Sebaceous Glands and Your Skin

Sebaceous glands are microscopic organs in the skin that secrete an oily substance called sebum that lubricates and waterproofs the skin. The sebaceous glands are part of the integumentary system, which includes the skin, hair, nails, and other structures that help protect the body from environmental or physical damage. The glands are part of the pilosebaceous unit, which comprises the hair follicle, hair shaft, and erector pili muscles (responsible for goosebumps).

Doctor holding a plastic skin model
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Pilosebaceous units are found everywhere on the body except the lower lip, palms of the hands, and tops and soles of the feet. The greatest concentrations, not surprisingly, are on the face, scalp, upper neck, and chest where most acne outbreaks occur.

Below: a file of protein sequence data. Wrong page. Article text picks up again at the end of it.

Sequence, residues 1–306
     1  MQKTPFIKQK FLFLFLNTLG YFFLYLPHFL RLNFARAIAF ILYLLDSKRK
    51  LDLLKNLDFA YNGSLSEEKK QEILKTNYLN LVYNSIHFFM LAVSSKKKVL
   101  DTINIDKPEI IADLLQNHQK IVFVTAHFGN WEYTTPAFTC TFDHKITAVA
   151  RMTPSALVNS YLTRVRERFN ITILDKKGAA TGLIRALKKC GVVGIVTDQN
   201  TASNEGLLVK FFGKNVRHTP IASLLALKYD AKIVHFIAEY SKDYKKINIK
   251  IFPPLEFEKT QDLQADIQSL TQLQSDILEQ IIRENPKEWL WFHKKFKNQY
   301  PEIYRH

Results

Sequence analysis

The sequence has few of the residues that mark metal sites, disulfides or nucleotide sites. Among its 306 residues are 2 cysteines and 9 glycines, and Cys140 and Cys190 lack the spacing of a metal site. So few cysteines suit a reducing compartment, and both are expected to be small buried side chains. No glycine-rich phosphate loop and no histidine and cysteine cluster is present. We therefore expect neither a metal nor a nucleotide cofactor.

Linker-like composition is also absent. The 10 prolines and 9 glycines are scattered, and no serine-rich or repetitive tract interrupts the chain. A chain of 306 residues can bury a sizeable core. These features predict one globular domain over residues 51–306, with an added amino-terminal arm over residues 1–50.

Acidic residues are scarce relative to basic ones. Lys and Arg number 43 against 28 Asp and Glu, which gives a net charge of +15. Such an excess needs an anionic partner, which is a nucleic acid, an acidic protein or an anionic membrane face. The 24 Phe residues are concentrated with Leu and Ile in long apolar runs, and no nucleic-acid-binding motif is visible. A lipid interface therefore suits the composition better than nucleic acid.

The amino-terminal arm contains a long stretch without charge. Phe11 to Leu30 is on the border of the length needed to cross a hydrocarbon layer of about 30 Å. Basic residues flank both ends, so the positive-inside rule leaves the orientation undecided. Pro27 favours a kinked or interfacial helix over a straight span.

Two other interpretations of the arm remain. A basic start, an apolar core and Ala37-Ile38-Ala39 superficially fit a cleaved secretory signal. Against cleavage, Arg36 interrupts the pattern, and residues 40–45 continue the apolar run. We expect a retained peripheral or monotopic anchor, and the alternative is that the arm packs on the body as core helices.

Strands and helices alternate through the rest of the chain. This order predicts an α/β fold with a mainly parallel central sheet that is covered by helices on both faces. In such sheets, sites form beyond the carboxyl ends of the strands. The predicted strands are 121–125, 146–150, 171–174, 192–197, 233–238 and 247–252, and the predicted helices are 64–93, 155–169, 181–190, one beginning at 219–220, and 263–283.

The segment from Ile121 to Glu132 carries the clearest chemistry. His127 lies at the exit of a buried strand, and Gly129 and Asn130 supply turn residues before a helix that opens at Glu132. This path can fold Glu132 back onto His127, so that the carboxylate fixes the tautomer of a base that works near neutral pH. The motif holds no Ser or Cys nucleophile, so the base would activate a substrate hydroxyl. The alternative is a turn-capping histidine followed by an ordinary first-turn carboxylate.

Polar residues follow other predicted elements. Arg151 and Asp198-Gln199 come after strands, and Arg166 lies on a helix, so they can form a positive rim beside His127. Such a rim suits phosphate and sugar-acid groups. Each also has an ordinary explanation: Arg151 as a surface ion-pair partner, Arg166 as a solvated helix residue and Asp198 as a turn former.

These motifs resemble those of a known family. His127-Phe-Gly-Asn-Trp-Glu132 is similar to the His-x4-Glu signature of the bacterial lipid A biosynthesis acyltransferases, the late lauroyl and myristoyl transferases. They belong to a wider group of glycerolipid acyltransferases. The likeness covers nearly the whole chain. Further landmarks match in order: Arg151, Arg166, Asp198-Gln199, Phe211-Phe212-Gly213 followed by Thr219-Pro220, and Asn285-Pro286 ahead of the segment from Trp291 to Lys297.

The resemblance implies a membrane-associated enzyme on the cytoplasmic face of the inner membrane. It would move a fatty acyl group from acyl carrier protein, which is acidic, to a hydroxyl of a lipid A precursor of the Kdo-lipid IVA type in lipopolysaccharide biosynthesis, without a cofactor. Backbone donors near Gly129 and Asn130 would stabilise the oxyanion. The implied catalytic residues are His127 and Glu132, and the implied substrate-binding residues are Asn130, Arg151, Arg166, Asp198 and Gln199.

What They Do

Depending on their location, there can be anywhere from 2,500 to 6,000 sebaceous glands per square inch. While most sebaceous glands are connected to a hair follicle, some open up directly to the surface of the skin. These include the meibomian glands of the eyelids and the Fordyce spots of the lips and genitals.

Sebaceous glands work in tandem with the sweat-producing eccrine glands to regulate body temperature. In hot conditions, the excreted sebum mixes with sweat to slow the rate of evaporation. In cold temperatures, the sebum will contain more lipids to shield the hair and skin from moisture that can facilitate heat loss.

In addition to maintaining moisture and regulating temperatures, sebum contains squalene and other substances that prevent bacteria, fungi, and other microorganisms from causing infection.

Gland Development